Matthew Swift is the chef at Terre Restaurant in downtown St. John's. Like Salty's, it offers a stunning view of the harbour. Only a year removed from its grand opening at Alt Hotel St. John's on Water Street, Terre has faced some significant challenges entirely out of its control, including a weeklong closure in January due to the historic snowstorm and then COVID-19. He's been cautiously optimistic about the future since Terre reopened as a dine-in restaurant June 13 (it offered takeout prior to the reopening).

"People have been very supportive and have wanted to come out," he said. "Generally, what I do in my spare time is also what I do for my profession, so I really missed having places to go eat and have a drink. I think it's really good for a lot of people to be able to go out and have some sort of social space again."

Filling seats

Matthew Swift is the chef at Terre Restaurant in St. John's. — GERMAIN HOTELS PHOTO
Matthew Swift is the chef at Terre Restaurant in St. John's. — GERMAIN HOTELS PHOTO

Like Salty's, Terre is operating at a lower capacity — approximately half in this case. Swift believes they can fill those seats on a regular basis and perhaps even more if restrictions are altered to accommodate additional seats. He was about to advertise for summer staff just before the pandemic hit and has put those plans on hold knowing the situation at hand.

The City of St. John's is trying out something different to encourage people to shop downtown by creating a pedestrian mall, spanning four blocks of Water Street from Bishop’s Cove to Job’s Cove. Alt Hotel is at the corner of Job's Cove and Water Street, across the road from where the mall ends. It will remain in place from July 3 to Sept. 7.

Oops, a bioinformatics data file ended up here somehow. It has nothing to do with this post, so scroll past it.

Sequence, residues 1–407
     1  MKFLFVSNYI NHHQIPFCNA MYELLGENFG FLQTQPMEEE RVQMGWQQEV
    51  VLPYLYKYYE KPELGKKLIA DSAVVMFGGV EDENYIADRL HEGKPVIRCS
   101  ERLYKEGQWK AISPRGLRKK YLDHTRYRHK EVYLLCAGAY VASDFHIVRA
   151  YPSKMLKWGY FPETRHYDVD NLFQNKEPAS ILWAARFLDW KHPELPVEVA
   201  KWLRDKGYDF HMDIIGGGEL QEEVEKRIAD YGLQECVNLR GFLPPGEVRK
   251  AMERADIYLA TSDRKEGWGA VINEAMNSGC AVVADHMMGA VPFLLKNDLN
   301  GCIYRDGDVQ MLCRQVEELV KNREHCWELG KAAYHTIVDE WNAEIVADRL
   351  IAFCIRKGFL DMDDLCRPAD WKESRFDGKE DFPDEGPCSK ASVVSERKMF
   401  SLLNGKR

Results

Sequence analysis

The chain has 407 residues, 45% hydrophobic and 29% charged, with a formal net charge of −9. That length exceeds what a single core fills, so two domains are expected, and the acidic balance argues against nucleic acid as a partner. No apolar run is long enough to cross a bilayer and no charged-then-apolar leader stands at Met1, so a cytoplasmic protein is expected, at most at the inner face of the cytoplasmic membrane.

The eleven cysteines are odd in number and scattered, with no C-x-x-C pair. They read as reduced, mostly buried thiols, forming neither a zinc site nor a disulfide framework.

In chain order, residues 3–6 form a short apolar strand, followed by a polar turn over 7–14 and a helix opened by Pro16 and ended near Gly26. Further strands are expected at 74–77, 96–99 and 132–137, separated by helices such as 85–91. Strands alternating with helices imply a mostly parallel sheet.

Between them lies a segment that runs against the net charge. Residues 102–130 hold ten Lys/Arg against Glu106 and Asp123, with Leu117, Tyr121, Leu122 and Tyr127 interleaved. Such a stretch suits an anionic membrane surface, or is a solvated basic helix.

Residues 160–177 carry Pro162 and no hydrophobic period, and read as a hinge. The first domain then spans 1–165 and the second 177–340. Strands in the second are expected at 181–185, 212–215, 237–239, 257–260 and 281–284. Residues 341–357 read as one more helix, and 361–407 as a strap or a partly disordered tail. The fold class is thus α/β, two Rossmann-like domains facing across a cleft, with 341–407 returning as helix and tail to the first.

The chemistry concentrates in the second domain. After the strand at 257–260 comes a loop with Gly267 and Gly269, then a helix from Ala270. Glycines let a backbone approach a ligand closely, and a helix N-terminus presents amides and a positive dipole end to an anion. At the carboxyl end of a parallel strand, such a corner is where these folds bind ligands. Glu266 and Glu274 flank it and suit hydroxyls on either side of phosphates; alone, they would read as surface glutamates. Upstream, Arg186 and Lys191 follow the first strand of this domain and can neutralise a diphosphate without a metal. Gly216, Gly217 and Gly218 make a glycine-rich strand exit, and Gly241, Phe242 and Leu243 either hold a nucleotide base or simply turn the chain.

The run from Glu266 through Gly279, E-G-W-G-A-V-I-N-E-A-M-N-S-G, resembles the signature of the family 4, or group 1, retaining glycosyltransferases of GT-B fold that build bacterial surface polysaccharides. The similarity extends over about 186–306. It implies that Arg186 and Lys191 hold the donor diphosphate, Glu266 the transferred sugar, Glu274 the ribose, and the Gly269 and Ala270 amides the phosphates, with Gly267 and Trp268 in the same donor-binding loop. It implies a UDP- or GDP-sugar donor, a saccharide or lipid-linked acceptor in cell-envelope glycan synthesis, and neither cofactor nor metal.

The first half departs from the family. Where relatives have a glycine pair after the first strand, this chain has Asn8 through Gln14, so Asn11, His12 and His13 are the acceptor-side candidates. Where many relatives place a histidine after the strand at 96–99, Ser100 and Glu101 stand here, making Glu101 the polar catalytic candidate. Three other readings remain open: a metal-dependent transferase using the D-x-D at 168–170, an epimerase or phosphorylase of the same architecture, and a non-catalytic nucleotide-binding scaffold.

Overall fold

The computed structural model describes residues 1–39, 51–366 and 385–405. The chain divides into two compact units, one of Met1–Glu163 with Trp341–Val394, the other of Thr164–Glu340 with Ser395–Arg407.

Swift loves the ideas of the mall and hopes it serves its purpose.

"I think Water Street in general could use a lot of support right now, because there are a lot of closed shop fronts there and there's a lot of people that have definitely had a rough go of it going into a year like this," he said.

"For us, we're just past the end of (the mall), which I think actually works OK, because where we are and having a little bit of sidewalk space around us, we can kind of fit into that. Also, people can still drive and park and go to the pedestrian mall, so we can benefit both ways I'm hoping. I would like to see it extended longer ... I think it's nice to have more of a community thing."

Business hit

Terre is taking a revenue hit within the hotel itself, as the restaurant typically caters business banquets held there. Like Salty's, Swift said it also misses the office workers now working from home. Takeout was not a part of the original business model for the restaurant, but Swift intends to keep that service going once a new system for managing orders is finalized.

"That's definitely something we had really not planned on doing much of, and it has been pretty successful for us," he said. "A lot of people aren't comfortable or able to go out. For us still to be able to provide something is great."

Robertson expects the trend of virtual business meetings will continue for quite some time, even if borders open to provinces beyond Atlantic Canada. She's also convinced a lot of workers will maintain a home-based office for the remainder of 2020.

"We're cautiously optimistic, since I'm trying to be very positive. But it could be a very tough winter."

To help businesses get through these challenging times, Robertson is hopeful people can make an effort to support local companies as much as possible.

“We certainly would love to see all the locals from down here enjoy our patio and enjoy our view and our food and service.”